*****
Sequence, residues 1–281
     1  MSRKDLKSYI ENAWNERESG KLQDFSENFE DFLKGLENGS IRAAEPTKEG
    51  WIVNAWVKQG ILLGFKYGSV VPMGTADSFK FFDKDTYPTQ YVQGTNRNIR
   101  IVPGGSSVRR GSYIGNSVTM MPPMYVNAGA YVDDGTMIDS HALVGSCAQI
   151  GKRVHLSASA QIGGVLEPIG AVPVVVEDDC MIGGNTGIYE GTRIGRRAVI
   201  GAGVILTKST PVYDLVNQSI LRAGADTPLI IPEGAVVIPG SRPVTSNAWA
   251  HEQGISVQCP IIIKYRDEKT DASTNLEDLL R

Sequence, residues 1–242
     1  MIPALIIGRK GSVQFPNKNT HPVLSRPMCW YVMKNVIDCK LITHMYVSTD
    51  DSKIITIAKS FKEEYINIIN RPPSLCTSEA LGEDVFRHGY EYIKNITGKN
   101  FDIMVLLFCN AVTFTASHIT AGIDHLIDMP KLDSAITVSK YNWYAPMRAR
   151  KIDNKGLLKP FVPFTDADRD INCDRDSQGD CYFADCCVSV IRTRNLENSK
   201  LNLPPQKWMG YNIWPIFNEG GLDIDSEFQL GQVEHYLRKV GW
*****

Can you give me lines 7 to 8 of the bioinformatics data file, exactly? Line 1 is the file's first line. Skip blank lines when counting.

   251  HEQGISVQCP IIIKYRDEKT DASTNLEDLL R

Sequence, residues 1–242